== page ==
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26 August 2022

Why energy prices could kill working from home

The new price cap changes the calculation on whether staying at home is still cheaper than going to the office.

By Will Dunn

The new energy price cap announced by Ofgem today (26 August) raises the average energy bill to £3,549 a year from October. This will dramatically increase the cost of living, not only because prices are rising just as the UK heads into winter but because, following the shift to remote work caused by the pandemic, people spend a lot more time at home than they did before.

Nearly half the working population switched to remote work during the lockdowns of 2020, and of the workers that did, 84 per cent plan to continue. The Office for National Statistics reports that just under a quarter of the UK workforce was working partly from home in May.

However, these workers now face a huge rise in the price of staying at home. The largest of these costs will be heating: from 1 October even a small (24kW) combi boiler of the type found in most flats will cost £3.60 an hour to run at full power, at the new gas tariff of 15p per kilowatt hour. A 32kW boiler will cost £4.80 an hour at full power.

Boilers only run at full power while the central heating is coming up to the heat set by the thermostat, and the wide variety in insulation and boiler efficiency (which can decline by 30 per cent over ten years) makes it hard to place an exact cost on keeping a home warm for a working day, because British homes differ so greatly. Wealthier homeowners – who are more likely to have a new, efficient boiler and a multi-zone system – may be able to heat their home office only and keep bills down, while a person renting a poorly insulated property with single-zone heating will see a far bigger increase.

There are signs that working from home has increased domestic energy demand, which was higher in 2021 than in any year since 2013. The government’s most recent survey on energy use found that homes with someone in all day were heated for a median average of eight and a half hours a day, but people will inevitably use less energy as prices rise.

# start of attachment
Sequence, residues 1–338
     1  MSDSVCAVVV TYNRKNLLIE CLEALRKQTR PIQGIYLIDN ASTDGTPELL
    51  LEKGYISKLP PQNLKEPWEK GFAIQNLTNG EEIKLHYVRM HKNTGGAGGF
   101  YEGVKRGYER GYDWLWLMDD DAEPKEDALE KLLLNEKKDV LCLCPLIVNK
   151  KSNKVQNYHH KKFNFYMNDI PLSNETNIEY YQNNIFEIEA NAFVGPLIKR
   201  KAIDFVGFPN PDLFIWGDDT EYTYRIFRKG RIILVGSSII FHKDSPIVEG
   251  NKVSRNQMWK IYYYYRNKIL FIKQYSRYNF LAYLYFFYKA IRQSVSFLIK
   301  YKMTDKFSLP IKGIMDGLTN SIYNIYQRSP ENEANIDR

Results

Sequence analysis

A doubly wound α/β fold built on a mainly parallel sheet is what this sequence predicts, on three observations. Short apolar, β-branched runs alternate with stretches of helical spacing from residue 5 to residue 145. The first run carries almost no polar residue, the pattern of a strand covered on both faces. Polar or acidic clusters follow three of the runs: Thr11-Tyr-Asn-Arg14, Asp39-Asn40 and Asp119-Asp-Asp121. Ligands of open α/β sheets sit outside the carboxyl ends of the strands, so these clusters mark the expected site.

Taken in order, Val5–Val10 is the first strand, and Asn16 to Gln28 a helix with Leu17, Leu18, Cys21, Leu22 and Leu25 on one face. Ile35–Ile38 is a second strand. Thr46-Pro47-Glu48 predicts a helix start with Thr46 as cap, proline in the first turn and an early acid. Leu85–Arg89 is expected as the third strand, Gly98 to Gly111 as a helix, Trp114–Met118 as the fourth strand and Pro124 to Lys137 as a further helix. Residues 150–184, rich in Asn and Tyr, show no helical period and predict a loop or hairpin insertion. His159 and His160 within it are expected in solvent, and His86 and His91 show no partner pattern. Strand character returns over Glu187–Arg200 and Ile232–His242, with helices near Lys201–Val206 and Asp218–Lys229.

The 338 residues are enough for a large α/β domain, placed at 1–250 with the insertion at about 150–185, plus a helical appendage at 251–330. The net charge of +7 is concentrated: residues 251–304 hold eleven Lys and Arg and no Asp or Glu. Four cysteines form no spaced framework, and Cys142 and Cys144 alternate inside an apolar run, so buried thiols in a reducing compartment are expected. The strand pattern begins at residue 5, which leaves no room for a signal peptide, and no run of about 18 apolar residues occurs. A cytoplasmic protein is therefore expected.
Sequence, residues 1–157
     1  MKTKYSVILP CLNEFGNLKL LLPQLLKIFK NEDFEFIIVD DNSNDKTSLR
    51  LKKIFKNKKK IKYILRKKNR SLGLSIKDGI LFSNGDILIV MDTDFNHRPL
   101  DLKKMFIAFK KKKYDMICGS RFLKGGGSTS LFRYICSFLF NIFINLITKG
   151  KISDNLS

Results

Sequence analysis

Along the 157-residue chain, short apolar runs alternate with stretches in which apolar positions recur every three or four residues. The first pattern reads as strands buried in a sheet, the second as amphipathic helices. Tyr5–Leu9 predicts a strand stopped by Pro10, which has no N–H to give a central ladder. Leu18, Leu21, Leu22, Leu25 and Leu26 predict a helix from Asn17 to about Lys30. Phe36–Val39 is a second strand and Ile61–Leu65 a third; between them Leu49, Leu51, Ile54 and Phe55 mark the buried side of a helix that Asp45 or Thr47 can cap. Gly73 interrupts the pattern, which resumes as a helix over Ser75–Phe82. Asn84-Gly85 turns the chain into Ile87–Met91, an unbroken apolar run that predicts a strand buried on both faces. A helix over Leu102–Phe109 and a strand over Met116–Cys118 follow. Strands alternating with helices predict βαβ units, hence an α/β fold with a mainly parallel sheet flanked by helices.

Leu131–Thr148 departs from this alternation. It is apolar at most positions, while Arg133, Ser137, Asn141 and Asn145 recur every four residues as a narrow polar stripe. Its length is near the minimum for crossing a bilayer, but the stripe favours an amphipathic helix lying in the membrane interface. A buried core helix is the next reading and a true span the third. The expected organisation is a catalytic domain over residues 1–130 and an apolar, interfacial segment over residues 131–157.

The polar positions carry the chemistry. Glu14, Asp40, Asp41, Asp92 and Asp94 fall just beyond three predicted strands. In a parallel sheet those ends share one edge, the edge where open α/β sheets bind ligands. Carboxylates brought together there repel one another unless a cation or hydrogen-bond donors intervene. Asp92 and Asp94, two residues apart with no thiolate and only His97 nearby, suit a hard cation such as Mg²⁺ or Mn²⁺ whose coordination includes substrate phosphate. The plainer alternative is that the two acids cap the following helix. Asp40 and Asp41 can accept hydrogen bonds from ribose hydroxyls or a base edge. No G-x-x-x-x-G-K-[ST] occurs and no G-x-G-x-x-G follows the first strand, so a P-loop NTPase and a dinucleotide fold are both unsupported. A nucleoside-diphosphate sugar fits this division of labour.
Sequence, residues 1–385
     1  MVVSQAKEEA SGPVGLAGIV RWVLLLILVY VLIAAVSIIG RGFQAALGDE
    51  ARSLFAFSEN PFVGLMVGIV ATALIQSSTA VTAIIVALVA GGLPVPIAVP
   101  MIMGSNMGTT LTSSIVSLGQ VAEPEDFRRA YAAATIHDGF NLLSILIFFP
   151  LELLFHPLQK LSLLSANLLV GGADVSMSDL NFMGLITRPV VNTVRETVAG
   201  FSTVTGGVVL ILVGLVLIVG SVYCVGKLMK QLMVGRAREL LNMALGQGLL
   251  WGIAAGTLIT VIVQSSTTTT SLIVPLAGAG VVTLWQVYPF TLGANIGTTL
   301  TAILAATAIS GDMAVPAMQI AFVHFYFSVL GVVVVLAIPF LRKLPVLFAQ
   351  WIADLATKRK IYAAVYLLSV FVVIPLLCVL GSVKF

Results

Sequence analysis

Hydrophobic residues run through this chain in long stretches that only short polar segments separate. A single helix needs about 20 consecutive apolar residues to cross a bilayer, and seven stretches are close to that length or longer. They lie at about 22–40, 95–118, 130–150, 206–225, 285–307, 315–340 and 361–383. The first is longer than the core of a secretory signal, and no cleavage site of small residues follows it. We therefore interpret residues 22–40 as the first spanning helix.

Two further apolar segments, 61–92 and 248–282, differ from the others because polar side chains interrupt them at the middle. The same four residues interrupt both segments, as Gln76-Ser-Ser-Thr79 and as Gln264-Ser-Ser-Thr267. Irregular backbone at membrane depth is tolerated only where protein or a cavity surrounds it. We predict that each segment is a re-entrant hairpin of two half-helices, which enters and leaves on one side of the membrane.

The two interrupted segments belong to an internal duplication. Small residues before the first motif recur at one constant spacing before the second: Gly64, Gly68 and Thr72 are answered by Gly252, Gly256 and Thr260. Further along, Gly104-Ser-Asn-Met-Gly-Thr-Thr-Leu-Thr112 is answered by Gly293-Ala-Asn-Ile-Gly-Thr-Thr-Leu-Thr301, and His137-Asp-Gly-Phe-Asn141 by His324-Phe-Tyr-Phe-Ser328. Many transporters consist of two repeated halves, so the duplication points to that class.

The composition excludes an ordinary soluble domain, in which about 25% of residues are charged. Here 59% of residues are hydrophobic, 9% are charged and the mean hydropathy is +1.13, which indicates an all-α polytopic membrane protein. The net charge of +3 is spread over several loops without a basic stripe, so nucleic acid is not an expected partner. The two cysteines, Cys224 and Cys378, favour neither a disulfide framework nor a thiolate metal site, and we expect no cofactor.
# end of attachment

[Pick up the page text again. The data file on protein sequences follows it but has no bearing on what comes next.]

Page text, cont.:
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Heating is not the only cost, however. A desktop PC and monitor, consuming 300 watts for eight hours, will cost £1.25 a day at the new rate of 52p per kilowatt hour. An efficient laptop will use much less power, but a video editor or game designer using a high-end PC could use more: the latest Mac Pro uses more than 300 watts when idle, and up to 900 watts on demanding tasks. Lighting uses less power, but it still adds up; even boiling a kettle will cost more than 10p, based on a four-minute boil at 2kW.

[See also: Who do we trust to run the economy?]

How much will an eight-hour day of working from home in the typical British home cost, then, under the new price cap? Because there’s no such thing as a typical British home, it’s hard to say. A few hours of running a 32kW boiler could add almost £10; a really poorly insulated property with an old boiler and single-zone heating could cost upwards of £30 to heat all day.

This doesn’t account for the ancillary costs to workers of providing their own equipment and services such as broadband connections – all of which are also increasing in price because of high inflation.

Transport costs are rising too (unless you cycle or walk to work), but rail fares will not increase again until March. The typical season ticket currently costs £3,263 a year (or £12.55 per day, over 260 working days), and many workers may begin to ask if it will be cheaper to take on the cost of commuting and leave their homes empty and unheated during the working day. At roughly 47p per mile (according to the finance analysts NimbleFins), commuting by car will also be a cheaper option for some workers.

Some employers will quietly welcome this, especially those who have had a difficult time persuading workers to spend more time in the office; mandatory attendance policies have led to employee protests at highly regarded employers such as Apple and Google. But for others, it will mean yet another increase in running costs. The energy prices paid by businesses aren’t capped, and as their fixed-price deals run out they are having to face, in many cases, fivefold increases.

This could lead to a difficult stand-off this winter. Companies may begin to ask whether they can afford to keep the office open, at the very moment that their employees want it back.

[See also: Can pubs afford to keep the lights on this winter?]

This article was updated on 31 August to add more explanation of the prices quoted.

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